Talk about your grief – whether it’s with friends and family or in a group like The Ralph Site Pet Loss Support Group on Facebook where you’ll find other people who have experienced similar loss.
No-one can ever take away the life, memories and – most importantly – the love that you shared with your pet. Over time, your grief will shift away from the pain of what has gone to gratitude for what you had but it will take time.
Planning for the unthinkable – writing a pet prenup
When a relationship is going well, it can be hard to imagine that there will ever be a time when you’re dividing up your life and moving on. It may be harder still to think that you might be at loggerheads with your current partner about who gets to keep the pets you share together.
Unfortunately, many former couples have to face this reality.
It might seem unthinkable now but one recommendation is to sit down with your partner while your relationship is in a good place and talk about what you would want for your pets in the event of a break-up. Hopefully, it will never happen but if it does and emotions are running high, it can be helpful to have a written plan agreed in happier times.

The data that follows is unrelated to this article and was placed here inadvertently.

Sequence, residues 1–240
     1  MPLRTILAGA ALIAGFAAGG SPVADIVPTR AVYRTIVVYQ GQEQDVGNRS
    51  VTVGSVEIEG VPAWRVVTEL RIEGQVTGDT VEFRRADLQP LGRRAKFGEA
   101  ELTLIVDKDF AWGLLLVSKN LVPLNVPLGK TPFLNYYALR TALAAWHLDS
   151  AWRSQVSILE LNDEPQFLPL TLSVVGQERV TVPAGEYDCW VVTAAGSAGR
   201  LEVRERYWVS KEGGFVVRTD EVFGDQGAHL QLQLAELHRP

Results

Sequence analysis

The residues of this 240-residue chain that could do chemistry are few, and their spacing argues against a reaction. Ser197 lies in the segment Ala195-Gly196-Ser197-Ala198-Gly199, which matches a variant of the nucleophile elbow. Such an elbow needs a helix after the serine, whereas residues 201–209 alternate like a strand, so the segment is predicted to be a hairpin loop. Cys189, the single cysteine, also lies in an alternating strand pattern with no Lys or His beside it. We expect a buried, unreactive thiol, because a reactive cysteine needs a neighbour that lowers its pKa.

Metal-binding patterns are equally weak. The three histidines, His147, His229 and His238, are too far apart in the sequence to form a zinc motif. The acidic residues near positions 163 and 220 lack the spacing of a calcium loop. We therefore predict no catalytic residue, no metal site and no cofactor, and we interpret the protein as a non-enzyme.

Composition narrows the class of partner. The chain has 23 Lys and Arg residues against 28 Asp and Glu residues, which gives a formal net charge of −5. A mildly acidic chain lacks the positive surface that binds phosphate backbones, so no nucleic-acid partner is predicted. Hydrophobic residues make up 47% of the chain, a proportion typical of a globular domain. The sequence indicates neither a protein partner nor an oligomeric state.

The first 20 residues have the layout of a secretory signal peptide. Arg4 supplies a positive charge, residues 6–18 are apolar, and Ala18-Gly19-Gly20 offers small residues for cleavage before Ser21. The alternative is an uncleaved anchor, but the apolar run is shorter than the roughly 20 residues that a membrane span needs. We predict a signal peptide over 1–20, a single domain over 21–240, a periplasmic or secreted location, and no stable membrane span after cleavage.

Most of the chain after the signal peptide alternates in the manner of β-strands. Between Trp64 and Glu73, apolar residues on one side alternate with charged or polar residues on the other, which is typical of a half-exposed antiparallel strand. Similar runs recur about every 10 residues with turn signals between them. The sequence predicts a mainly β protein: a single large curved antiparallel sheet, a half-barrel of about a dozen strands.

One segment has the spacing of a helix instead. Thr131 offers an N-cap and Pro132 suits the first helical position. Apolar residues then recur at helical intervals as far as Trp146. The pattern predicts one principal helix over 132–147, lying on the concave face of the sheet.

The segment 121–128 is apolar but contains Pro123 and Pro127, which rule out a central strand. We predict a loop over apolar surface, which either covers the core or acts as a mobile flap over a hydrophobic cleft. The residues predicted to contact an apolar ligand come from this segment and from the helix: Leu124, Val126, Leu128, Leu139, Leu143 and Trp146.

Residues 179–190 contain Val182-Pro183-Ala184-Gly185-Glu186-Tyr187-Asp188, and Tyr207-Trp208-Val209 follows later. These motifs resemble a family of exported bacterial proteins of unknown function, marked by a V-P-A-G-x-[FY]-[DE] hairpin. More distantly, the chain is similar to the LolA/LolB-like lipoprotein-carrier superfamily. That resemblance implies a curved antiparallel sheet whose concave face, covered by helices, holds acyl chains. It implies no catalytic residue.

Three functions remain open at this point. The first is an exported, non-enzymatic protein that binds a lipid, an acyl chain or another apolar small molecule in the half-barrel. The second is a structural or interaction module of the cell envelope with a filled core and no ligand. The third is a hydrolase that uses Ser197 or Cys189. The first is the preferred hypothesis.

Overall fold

This can be done informally or more formally as part of a prenuptial agreement (before you get married) or cohabitation agreement (if you don’t intend to marry).
If you did end up having to go to court to resolve who your pets will live with, it’s important to know that they are viewed in the same way as inanimate property under UK law. If you’re not married, a court may make a custody decision using strictly legal principles, such as awarding the pet to the person who bought him/her. If you’re married, the court may be more inclined to look at who devoted the most time to caring for the pet.
Discussing these sad circumstances now could save you all heartache in the future.
Whatever the nature of your loss, do know that you’re not alone.
Until next time, very best wishes from Shailen and The Ralph Site team
The Ralph Site, non-profit pet loss support